Jeff's note: there is a Hannahan post below that went up 14 minutes before this one. We suck at this.
A common refrain so far this winter is that the Mariners need to add a power hitter to replace the departing Adrian Beltre and Russell Branyan. The argument goes that we might have a fantastic top of the order in Ichiro-Figgins-Bradley, but there's going to be nobody driving in all of these baserunners. This line of thought is flawed in many ways, some of which have been previously discussed on the site, but I wanted to share the results of a little thought experiment with you all.
Consider the relationship between runs scored in an inning, on base percentage, and slugging. First let's just look at OBP. Assuming an even distribution (this doesn't happen, of course), for a given on base percentage, we get a certain number of baserunners per inning. An OBP of .500? Three baserunners. .900? 27 baserunners. .000? Zero baserunners. I could keep doing this, but I'm sure you get my drift. Now let's look at the runs that would score for each situation. X amount of baserunners means that there is a minimum amount of runs and a maximum amount of possible runs scored in an inning. Obviously, you can strand three players at a time, and the most efficient way to end an inning is to clear the bases with a home run and then make the final out.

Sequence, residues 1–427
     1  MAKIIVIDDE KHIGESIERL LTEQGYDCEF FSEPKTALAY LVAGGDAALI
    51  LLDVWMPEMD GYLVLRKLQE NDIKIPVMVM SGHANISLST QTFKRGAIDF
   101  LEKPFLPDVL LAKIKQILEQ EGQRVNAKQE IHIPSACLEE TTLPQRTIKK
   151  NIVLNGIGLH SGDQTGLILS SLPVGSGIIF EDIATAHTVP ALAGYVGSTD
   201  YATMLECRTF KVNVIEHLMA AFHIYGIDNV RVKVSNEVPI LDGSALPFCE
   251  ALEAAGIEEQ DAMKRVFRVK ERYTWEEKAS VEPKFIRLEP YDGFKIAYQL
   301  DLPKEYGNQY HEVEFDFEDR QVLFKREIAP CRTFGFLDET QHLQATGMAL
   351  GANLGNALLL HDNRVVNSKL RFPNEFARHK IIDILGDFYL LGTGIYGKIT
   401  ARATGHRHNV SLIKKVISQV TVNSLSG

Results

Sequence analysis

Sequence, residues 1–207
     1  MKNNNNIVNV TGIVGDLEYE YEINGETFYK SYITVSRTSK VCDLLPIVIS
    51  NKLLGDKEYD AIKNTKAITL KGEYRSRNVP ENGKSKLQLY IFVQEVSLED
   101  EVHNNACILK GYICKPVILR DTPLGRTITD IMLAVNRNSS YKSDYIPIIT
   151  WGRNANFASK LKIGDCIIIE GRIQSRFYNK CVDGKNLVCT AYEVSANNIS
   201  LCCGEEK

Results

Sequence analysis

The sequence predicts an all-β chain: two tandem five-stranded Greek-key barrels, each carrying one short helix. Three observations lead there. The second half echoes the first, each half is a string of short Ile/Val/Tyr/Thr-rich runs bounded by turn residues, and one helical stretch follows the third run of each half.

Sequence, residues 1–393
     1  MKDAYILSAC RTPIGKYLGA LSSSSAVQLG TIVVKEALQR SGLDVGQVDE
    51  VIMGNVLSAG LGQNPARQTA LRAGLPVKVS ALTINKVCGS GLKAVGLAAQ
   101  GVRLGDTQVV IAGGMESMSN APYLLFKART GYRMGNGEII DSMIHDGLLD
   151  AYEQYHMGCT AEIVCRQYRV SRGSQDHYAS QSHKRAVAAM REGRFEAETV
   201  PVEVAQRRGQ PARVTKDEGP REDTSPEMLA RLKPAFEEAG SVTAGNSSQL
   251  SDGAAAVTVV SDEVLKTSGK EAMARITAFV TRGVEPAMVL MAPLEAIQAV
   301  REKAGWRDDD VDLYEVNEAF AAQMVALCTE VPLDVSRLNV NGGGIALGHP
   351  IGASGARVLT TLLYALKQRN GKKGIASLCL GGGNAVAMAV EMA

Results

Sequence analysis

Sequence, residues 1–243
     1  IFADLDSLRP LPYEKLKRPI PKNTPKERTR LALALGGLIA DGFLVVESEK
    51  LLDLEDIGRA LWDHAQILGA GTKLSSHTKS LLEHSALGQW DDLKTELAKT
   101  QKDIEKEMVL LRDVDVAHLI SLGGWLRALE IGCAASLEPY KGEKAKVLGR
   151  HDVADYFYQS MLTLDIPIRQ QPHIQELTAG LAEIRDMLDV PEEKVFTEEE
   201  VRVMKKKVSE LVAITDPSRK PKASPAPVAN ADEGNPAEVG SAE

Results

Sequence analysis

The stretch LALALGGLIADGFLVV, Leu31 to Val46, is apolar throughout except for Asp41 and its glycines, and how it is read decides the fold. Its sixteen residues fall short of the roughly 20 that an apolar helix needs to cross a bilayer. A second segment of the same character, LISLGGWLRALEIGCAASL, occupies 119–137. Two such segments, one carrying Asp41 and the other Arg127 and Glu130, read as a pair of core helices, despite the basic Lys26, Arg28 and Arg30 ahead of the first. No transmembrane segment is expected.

Therefore what governs the relationship between baserunners per inning and runs scored per inning is power. It should be fairly clear to everyone that a team that OBPs .900 is going to score a lot of runs whether they walk 90% of the time or hit home runs 90% of the time, but a team that OBPs .100? The only way that team ever scores is with a home run. Power, in other words, maximises one's efficiency in run scoring. On-base percentage increases the number of runs you can possibly score. It therefore follows that the higher the OBP, the less vital it is to squeeze every last run out of the guys you do get on base, since you have an better chance of scoring runs by stringing together a rally.
The conclusion that falls out of the above is that power is probably less important as you start giving up fewer outs. The 2010 Mariners need home runs far less than the 2009 club did.